Making a difference
Donkin-Morien student part of Lighthouse Church’s humanitarian work
For the past few months much of our attention has been focused on the mental well-being of our young people.
There are many groups in our local communities working each and every day to improve the physical, emotional and spiritual health of our young students.
One such organization is the Lighthouse Church and Undercurrent Youth Centre in Glace Bay.
The Lighthouse Church gives the youth in our area a sense of belonging as they seek spirituality in their lives.
Lighthouse is a relatively new faith community that opened in November 2005. For the past 12 years, Pastor Dave Sawler and his wife Shirley have welcomed people of every denomination to worship.
At a time when many churches have closed their doors due to declining enrolment, the Lighthouse Church is flourishing and is attracting a younger generation of churchgoers.
As part of the youth ministry, Lighthouse Church operates the Undercurrent Youth Centre to cater to the needs of our youth.
One of the members of the Lighthouse Church is a student from Donkin-Morien School — Evan Billard is a young man with a keen interest in helping the less fortunate.
For the past 10 years, this faith community has been involved in humanitarian work in the Dominican Republic. The mission trips exist to give people the opportunity to serve others.
Each participant learns to become a person who is involved in making changes in the lives of the poor, neglected and needy in our world.
To get an understanding of the health and social situation in the Sousa region of this impoverished country, they visited an orphanage, a school and a pregnancy centre. Then the group members rolled up their sleeves to help build four houses for local families so that they could have a better standard of living.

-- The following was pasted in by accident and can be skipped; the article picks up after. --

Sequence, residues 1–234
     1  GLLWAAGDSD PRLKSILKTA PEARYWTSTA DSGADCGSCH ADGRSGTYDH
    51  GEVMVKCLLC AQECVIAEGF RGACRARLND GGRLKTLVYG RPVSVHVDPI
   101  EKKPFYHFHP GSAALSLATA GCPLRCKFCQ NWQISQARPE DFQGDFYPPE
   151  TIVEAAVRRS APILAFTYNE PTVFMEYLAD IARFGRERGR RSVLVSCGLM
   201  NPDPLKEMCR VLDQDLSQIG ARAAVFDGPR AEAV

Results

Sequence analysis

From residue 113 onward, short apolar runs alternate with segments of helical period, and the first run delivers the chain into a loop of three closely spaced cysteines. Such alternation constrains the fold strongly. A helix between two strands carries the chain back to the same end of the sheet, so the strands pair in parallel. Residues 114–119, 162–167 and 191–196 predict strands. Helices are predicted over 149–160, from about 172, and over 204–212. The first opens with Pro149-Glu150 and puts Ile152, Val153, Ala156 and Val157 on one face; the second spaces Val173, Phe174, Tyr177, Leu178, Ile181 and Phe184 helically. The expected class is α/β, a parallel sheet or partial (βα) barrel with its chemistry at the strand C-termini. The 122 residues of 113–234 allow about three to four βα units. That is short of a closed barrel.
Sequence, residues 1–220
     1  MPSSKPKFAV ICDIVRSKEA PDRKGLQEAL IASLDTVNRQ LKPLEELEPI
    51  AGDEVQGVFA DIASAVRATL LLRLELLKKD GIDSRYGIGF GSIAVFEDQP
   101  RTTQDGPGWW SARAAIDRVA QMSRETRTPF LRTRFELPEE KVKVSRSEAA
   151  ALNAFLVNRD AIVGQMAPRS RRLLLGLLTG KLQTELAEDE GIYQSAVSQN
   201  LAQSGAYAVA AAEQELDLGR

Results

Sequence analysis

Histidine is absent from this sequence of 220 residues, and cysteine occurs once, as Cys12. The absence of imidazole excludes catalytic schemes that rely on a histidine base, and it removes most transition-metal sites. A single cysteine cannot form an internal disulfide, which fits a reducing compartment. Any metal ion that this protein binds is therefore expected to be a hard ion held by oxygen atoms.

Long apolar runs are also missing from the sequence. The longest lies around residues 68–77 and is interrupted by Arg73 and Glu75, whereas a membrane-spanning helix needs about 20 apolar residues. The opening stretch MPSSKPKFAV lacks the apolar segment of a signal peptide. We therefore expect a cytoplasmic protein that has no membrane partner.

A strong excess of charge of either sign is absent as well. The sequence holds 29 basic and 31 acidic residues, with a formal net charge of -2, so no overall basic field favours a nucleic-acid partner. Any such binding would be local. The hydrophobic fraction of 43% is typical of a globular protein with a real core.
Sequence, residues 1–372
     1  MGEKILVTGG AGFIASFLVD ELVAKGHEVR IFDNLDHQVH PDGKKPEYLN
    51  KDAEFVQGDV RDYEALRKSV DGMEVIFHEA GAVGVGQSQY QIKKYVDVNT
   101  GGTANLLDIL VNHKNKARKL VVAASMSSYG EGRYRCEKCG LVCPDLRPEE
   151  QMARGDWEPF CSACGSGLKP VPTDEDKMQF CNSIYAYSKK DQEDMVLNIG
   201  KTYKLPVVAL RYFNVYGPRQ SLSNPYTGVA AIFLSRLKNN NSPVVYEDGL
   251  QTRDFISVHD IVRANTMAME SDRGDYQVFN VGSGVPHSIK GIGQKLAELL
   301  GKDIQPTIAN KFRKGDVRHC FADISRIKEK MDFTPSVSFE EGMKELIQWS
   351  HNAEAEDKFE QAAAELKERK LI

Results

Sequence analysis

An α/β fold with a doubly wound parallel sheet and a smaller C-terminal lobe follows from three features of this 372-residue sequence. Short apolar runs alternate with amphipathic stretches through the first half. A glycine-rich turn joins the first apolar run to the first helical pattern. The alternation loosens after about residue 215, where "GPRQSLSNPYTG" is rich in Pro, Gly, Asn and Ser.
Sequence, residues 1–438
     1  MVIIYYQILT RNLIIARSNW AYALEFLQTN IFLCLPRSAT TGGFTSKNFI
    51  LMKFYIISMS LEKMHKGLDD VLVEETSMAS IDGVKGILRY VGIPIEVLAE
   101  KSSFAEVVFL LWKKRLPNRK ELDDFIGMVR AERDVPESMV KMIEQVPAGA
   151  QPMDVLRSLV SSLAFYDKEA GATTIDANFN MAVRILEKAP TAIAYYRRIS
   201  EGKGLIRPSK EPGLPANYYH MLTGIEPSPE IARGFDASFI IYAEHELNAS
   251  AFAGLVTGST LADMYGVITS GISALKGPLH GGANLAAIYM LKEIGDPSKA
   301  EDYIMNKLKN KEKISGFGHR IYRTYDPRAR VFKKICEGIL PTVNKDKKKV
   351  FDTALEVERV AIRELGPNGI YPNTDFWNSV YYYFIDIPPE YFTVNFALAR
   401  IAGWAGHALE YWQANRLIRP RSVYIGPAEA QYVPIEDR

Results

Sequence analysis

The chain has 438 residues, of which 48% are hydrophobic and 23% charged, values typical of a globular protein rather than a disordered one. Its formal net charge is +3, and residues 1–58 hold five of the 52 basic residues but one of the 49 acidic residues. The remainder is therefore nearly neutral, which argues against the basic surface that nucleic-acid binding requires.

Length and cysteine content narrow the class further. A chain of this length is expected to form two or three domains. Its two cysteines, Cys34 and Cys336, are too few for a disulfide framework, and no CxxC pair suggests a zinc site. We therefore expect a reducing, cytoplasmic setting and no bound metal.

For the participants, the trip was a life-changing experience. These volunteers became part of a team that experienced the hardships and day-to-day struggles faced by many people in the world.
The volunteers are usually ages 16 and up. They make exceptions for younger participants if they are travelling with a guardian. Evan was only 12 so he convinced his maternal grandmother Lynn Billard to go with him on the trip. His grandmother belongs to the Giovanetti family that is very well-known in the Port Morien area.
The cost of the trip must be raised by each participant. This young man worked hard to raise all the money himself so that he could broaden his view of the world.
The cost of the trip was $1,999 and he devised a fundraising plan.
He organized a successful yard sale, collected bottles for recycling and held a lobster draw.
So why did this young student want to devote his time, energy and money to go on the Lighthouse Church humanitarian trip? “I wanted to go on this trip to help the less fortunate in any way that I could,” said Billard. “I realize that I am only young but I feel that every little bit of help makes a difference. The trip made me realize that there are many people in the world who are homeless and have very few material possessions.
“The people that we helped were very thankful for all our work. The experience made me realize how fortunate I really am to be living in Canada.”
These words ring so true. Even the poorest family in Canada has a better life than some of these families. Evan Billard will continue to share his experiences in the Dominican Republic and will carry these memories for a lifetime.
Let me conclude with the words of the great humanitarian, Albert Schweitzer: “The purpose of human life is to serve and show compassion and the will to help others.”
The Lighthouse Church in Glace Bay organized a humanitarian trip to the Dominican Republic where Cape Bretoners helped build houses.